The Internal Revenue Service failed to ensure that only eligible taxpayers received education credit tax relief that was only supposed to be available to taxpayers in Midwestern disaster areas, according to a new government report.
In an audit, the Treasury Inspector General for Tax Administration found that taxpayers who claimed more than the standard maximum amount of the Hope Credit received approximately $224,504 more than they were entitled to receive. IRS records indicated that many of those credits were claimed for students who had not attended educational institutions in the Midwestern Disaster Area or had not attended any school. Based on these data, TIGTA estimates that taxpayers filing 48,940 tax returns with such claims erroneously received almost $55.8 million in excessive Hope Credits for tax year 2008.
“The findings of this audit are very troubling,” said TIGTA Inspector General J. Russell George in a statement. “This credit was provided to assist those in need, and abuse of it cannot be tolerated. The returns of taxpayers who have improperly received an excessive amount of the Hope Credit should be examined, and any excessive amounts claimed should be recovered. Additional steps must be taken to ensure that taxpayers qualify for this benefit.”
The tax credits are designed to help taxpayers offset the costs of higher education. In 2008, Congress passed the Heartland Disaster Tax Relief Act to benefit taxpayers affected by a major disaster, such as severe storms, tornadoes or flooding that occurred in certain areas throughout the Midwest. One provision allows taxpayers with eligible students attending eligible educational institutions in designated Midwestern disaster areas to claim twice the qualifying amount of the Hope Credit. For tax year 2008, this increased the maximum amount of the Hope Credit from $1,800 to $3,600 for each qualifying student. The Hope Credit can be claimed for eligible students enrolled in their first two years of post-secondary education.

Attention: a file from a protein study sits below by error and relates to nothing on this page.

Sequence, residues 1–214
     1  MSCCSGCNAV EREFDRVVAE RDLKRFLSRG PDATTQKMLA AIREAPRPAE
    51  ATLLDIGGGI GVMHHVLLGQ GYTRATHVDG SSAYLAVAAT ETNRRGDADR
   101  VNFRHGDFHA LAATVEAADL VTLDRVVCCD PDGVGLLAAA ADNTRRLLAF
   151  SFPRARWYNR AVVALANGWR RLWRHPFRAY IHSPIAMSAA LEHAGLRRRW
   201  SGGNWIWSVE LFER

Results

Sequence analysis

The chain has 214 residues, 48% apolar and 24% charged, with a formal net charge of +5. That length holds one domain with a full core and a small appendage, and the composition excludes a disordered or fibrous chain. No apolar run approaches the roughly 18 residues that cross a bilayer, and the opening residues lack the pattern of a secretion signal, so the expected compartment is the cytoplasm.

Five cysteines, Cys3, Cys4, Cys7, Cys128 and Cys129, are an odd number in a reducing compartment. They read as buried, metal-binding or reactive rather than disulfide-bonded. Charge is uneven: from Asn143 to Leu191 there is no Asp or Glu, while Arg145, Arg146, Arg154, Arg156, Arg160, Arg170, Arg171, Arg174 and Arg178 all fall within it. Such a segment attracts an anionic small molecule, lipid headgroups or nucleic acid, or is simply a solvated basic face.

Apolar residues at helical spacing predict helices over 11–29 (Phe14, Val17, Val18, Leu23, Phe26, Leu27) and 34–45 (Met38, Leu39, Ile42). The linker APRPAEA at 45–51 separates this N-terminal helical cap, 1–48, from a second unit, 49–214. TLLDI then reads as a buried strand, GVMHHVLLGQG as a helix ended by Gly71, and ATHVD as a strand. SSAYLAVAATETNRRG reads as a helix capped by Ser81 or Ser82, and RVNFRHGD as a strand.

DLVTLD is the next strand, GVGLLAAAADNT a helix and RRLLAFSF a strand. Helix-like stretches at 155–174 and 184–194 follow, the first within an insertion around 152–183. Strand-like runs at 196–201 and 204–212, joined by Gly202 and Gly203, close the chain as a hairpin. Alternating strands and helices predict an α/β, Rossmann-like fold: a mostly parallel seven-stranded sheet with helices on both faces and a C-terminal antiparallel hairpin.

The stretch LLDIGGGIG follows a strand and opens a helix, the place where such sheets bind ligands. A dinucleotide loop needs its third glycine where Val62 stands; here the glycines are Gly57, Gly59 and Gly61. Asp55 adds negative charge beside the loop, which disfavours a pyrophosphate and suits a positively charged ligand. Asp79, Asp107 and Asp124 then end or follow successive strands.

TIGTA made four recommendations to the IRS in its report, and the IRS agreed with three of those recommendations and partially agreed with one recommendation.
The IRS should ensure that only qualifying taxpayers are allowed to receive more than the normal maximum amount of Hope Credit allowed. Taxpayers that have improperly received an excessive amount of credit should be examined, and any excessive amounts claimed should be recovered. Additional steps should also be taken to ensure that taxpayers qualify for the additional amount.
The IRS should also ensure adherence to increased maximums on any future provisions. IRS management agreed to conduct examinations of improper claims, evaluate the feasibility of an automated process to verify claims, update computer processing controls to limit the amount of credit that can be claimed, and make modifications to forms to increase compliance in the future.
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